US3527629 *Nov 15, 1966Sep 8, 1970Velcro Sa SoulieMethod of producing fastener member having upstanding fastener elements shaped for releasable engagement with cooperating fastener elements
US3562770 *Jun 22, 1967Feb 9, 1971Velcro Sa SoulieSeparable fastener of the flexible hooking type
US3577607 *Jun 13, 1968May 4, 1971Ikoma Orimono Co LtdSeparable fastening fabric
AU246968A * Title not available
GB1140576A * Title not available
SE310284B * Title not available
Referenced by
Citing PatentFiling datePublication dateApplicantTitle
US4067609 *Nov 22, 1976Jan 10, 1978Johnson & JohnsonHeadrest cover fastening device
US4322875 *Mar 31, 1980Apr 6, 1982Minnesota Mining And Manfacturing CompanyTwo strip materials used for forming fasteners
US4454183 *Oct 20, 1983Jun 12, 1984Minnesota Mining And Manufacturing CompanyStrip material with heat-formed hooked heads
US4870721 *Mar 7, 1989Oct 3, 1989Nathan CohenMulti-prong surface connector
US4931343 *Jan 22, 1988Jun 5, 1990Minnesota Mining And Manufacturing CompanySheet material used to form portions of fasteners
US5407439 *Jun 1, 1994Apr 18, 1995The Procter & Gamble CompanyMulti-layer female component for refastenable fastening device and method of making the same
US5470417 *Oct 11, 1994Nov 28, 1995The Procter & Gamble CompanyMethod of making multi-layer female component for refastenable fastening device
US5569233 *Dec 20, 1994Oct 29, 1996The Procter & Gamble CompanyMulti-layer female component for refastenable fastening device and method of making the same
US5614232 *Feb 28, 1996Mar 25, 1997Minnesota Mining And ManufacturingMethod of making an interengaging fastener member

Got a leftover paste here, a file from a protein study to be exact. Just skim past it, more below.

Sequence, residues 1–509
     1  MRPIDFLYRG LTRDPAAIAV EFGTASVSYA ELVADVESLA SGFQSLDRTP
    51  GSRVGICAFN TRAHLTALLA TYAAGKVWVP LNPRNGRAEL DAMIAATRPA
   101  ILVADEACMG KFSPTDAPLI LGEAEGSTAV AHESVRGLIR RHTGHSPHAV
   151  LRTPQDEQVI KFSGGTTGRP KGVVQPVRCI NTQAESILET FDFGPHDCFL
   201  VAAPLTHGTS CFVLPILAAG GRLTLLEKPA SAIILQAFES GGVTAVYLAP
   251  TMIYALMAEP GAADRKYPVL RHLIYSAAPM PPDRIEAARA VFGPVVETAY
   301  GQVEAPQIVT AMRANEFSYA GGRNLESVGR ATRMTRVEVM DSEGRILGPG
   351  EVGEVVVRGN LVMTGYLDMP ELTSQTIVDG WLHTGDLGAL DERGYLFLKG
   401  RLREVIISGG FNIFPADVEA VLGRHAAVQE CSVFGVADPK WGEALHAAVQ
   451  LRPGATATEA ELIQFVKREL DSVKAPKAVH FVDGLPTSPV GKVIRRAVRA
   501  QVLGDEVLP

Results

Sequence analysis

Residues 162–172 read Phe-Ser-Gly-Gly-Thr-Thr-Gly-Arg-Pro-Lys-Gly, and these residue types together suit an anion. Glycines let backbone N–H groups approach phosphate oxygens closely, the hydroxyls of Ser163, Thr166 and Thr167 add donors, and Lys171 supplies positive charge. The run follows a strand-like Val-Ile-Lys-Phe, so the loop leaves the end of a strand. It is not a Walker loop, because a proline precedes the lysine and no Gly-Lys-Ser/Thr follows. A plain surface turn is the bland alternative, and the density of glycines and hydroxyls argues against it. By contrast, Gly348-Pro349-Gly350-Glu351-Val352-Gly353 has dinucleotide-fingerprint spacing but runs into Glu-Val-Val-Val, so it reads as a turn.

US5761775 *Oct 17, 1996Jun 9, 1998Legome; Mark J.Mushroom and loop material closure system for high shear strength and low peel strength applications
US5852855 *Dec 2, 1996Dec 29, 1998Minnesota Mining And Manufacturing CompanyDisposable diaper with fastener
US6625851Oct 31, 2000Sep 30, 2003Kimberly-Clark Worldwide, Inc.Fastening system having vertical and horizontal engagement
US6637079May 15, 1995Oct 28, 2003The Procter & Gamble CompanyMulti-layer female component for refastenable fastening device and method of making the same
US6849142Oct 19, 1993Feb 1, 2005The Procter & Gamble CompanyMethod of making multi-layer female component for refastenable fastening device
US7275290Jul 13, 2004Oct 2, 2007Velcro Industries B.V.Touch fasteners
US8876875 *Feb 21, 2014Nov 4, 2014Snapbac, LlcThermal therapy apparel
US20050177986 *Jul 13, 2004Aug 18, 2005Clarner Mark A.Touch fasteners
US20120046670 *Jan 26, 2010Feb 23, 2012Johannes EnglWound cleansing assembly
USRE38652Jun 4, 1997Nov 16, 2004Velcro Industries B.V.Hook for hook and loop fasteners
DE3306757A1 *Feb 25, 1983Sep 29, 1983Minnesota Mining & MfgBandmaterial mit unter waermeeinwirkung angeformten hakeneinrichtung
EP0211564A2 *Jul 23, 1986Feb 25, 1987Minnesota Mining And Manufacturing CompanySheet material used to form portions of fasteners
WO1982000850A1 *Aug 25, 1981Mar 18, 1982Mitex Glasfiber AbInsect screen
WO1982002480A1 *Jan 21, 1982Aug 5, 1982Griffith John DaltonTape fastener
WO1992020250A1 *May 4, 1992Nov 26, 1992The Procter & Gamble CompanyMultilayer female component for refastenable fastening device and method of making the same
Classifications
U.S. Classification24/450
International ClassificationA44B18/00
Cooperative ClassificationA44B18/0023
European ClassificationA44B18/00D